While the nation is in the midst of a debate about racialized police violence and how law enforcement should respond to protest, several states and the Trump administration are adding fuel to the fire — and once again, it is communities of color and Indigenous people who are on the frontlines getting burned.
As our attention is diverted by a global pandemic, an economy in intensive care after emerging from an induced coma, and the explosion of rage after the death of George Floyd at the hands of the Minneapolis police, President TrumpDonald TrumpOmar, Muslim Democrats decry Islamophobia amid death threats On The Money — Powell pivots as inflation rises Trump cheers CNN's Cuomo suspension MORE just last week signed an executive order to waive a number of environmental rules for infrastructure projects ranging from highways to pipelines. At the same time, a number of states — most recently Kentucky, South Dakota and West Virginia — have moved to criminalize protests against “critical infrastructure,” particularly fossil fuel pipelines, that are deemed to impede their construction or operation.
In short, the potential penalties for engaging in an environmental protest have gotten higher just as the Trump administration is creating more reasons to protest.
This is taking place in a global context of environmental activism becoming more deadly. A recent report on "environmental conflicts and defenders" by researchers at the Universitat Autònoma de Barcelona in Spain, published by the journal Global Environmental Change, noted that 164 environmental defenders — people opposing projects they believe would cause serious environmental harm — were murdered in 2018 in various parts of the world.
Those deaths, the report said, were part of an upward trend of such deaths over the past 15 years. Recent news stories suggest the trend is unabated. For example, The Guardian reported that by mid-April this year three environmental activists had been killed in Mexico alone.
Many of the activists who have been martyred — like Berta Cáceres, who in 2016 was shot dead in her home in Honduras by an assassin associated with a dam she was protesting — have been Indigenous people. The report by the Spain researchers points out that when Indigenous people involved in environmental mobilization “face significantly higher rates of violence.”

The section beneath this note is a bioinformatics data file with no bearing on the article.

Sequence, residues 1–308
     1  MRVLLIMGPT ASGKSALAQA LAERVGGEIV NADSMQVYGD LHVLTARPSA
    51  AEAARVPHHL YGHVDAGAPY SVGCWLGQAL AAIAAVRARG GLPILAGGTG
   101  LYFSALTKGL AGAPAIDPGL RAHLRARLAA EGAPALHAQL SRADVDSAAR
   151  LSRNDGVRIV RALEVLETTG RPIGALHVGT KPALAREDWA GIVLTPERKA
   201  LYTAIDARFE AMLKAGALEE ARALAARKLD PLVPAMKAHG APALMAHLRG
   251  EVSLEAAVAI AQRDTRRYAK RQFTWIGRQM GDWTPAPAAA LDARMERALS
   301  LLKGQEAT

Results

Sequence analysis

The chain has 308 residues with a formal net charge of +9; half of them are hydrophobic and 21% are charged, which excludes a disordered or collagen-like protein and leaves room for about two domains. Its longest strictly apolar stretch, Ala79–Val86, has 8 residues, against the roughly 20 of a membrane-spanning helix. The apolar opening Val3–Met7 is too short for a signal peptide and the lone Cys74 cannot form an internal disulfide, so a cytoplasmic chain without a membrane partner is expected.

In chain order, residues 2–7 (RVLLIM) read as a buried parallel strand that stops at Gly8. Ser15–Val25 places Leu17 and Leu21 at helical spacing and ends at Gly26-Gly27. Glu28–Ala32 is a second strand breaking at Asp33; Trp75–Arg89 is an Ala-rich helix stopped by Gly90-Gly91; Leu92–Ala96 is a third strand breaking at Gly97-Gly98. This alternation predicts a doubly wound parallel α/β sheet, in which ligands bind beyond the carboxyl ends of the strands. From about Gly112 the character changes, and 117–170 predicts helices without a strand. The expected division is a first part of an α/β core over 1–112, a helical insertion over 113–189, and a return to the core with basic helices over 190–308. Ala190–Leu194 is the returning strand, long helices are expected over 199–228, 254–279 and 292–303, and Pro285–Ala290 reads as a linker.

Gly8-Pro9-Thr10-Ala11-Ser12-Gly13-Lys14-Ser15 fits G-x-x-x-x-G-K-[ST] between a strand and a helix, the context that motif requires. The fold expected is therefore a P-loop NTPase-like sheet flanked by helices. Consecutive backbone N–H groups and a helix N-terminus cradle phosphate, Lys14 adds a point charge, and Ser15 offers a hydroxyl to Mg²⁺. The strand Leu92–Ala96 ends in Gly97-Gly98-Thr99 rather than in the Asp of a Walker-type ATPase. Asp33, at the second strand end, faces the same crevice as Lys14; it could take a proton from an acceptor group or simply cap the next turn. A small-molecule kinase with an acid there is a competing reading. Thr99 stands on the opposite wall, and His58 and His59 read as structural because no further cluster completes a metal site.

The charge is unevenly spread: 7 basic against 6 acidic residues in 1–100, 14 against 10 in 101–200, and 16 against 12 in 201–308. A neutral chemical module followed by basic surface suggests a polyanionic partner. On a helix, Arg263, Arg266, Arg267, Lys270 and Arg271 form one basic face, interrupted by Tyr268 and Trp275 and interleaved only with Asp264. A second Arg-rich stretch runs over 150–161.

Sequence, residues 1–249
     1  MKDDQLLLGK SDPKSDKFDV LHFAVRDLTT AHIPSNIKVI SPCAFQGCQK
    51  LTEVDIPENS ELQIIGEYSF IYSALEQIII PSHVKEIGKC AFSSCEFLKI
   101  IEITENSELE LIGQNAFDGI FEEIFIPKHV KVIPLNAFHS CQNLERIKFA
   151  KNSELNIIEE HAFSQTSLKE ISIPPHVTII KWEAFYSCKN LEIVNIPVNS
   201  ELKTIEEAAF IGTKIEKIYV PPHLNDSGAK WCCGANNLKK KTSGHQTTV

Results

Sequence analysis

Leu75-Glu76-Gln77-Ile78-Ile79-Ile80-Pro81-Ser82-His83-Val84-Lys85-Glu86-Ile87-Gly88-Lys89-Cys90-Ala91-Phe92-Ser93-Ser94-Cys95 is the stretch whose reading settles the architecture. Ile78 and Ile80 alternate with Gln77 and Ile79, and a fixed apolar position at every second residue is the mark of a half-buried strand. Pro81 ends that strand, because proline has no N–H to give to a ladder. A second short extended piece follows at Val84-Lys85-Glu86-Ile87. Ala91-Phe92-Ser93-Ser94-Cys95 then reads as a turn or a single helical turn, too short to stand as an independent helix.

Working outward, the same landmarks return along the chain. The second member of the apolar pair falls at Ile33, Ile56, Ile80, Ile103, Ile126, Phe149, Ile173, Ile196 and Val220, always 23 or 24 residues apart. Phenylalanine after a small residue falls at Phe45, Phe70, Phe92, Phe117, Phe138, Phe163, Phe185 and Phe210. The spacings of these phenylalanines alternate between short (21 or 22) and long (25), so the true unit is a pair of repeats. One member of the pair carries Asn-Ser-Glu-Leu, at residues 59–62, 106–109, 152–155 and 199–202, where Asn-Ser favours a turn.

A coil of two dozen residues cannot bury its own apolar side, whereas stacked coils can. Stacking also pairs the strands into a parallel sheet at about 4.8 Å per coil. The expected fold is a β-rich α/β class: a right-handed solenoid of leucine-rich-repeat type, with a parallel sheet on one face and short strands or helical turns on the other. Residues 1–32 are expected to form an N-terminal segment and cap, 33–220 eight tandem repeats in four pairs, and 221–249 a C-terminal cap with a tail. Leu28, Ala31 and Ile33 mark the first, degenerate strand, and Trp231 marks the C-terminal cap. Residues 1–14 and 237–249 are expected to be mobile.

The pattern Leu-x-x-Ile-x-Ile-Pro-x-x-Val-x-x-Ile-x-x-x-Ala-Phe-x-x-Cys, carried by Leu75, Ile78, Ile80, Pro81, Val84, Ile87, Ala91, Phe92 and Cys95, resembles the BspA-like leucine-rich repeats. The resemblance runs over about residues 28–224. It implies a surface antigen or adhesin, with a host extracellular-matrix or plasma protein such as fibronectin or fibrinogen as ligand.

We saw this in 2016 when the Standing Rock Sioux and other Indigenous tribes sought to block the construction of the Dakota Access Pipeline, which would carry crude oil through environmentally sensitive and sacred Indigenous lands to refineries in the southern U.S. While there were no deaths directly linked to the protests, there were hundreds of arrests. As was true with the recent anti-racism protests around the country sparked by the death of George Floyd, journalists as well as peaceful protestors were caught in the dragnet.
Now Indigenous tribes are on the frontlines of yet another pipeline protest, this time against the Enbridge Line 3 pipeline in northern Minnesota. Enbridge is a Canadian company that wants to replace a 1960s-era pipeline that brings to the United States crude oil from tar sands in Canada. Particularly concerning for Stop Line 3, a group organizing protests and court fights against the project, is a 2018 agreement with the Minnesota Public Utilities Commission they say will have Enbridge pay all of the costs of law enforcement actions required to protect the project from protestors. “Minnesota law enforcement will have a bottomless tab open with a Canadian multinational corporation to cover any costs related to quelling resistance to the pipeline,” the group said in a statement, raising the specter of public law enforcement operating essentially as Enbridge private security guards.
Instead of spending millions to squelch rebellion from Indigenous protestors and their allies, the authors of the environmental defenders report write, “The role of Indigenous communities in environmental defense must be recognized and celebrated. Ongoing efforts to recognize their territories and the right to self-determination as enshrined in the United Nations Declaration on the Rights of Indigenous peoples must be accelerated.”
If Trump’s gambit to waive environmental rules survives promised court challenges, we are likely to see these same types of clashes also unfold in economically struggling and predominantly black urban communities, many of which have already suffered through the devastation done to their communities by such infrastructure follies as the Interstate Highway System projects launched in the 1950s and 1960s. The residents living with the effects of these projects — increased pollution, destroyed economic and social ecosystems, and impacts from climate change — are pushing back against expanding these types of projects, especially without their input.
The Trump administration is hoping that a preoccupied country that is scared for its economic future won’t notice — or won’t care — that the right of its residents to defend their communities and our shared environment from harm is being trammeled. But with the planet facing the existential threat of catastrophic climate change caused by fossil fuel consumption, the stakes could not be higher. It is more important than ever to place environmental protection and resiliency as well as the protection and resiliency of frontline communities at the center of the planning and execution of infrastructure projects.
What should not be happening is a corporate-backed armed opposition to the principled act of people protecting their lives and the life of the planet.
Isaiah J. Poole is editorial director of The Next System Project at The Democracy Collaborative.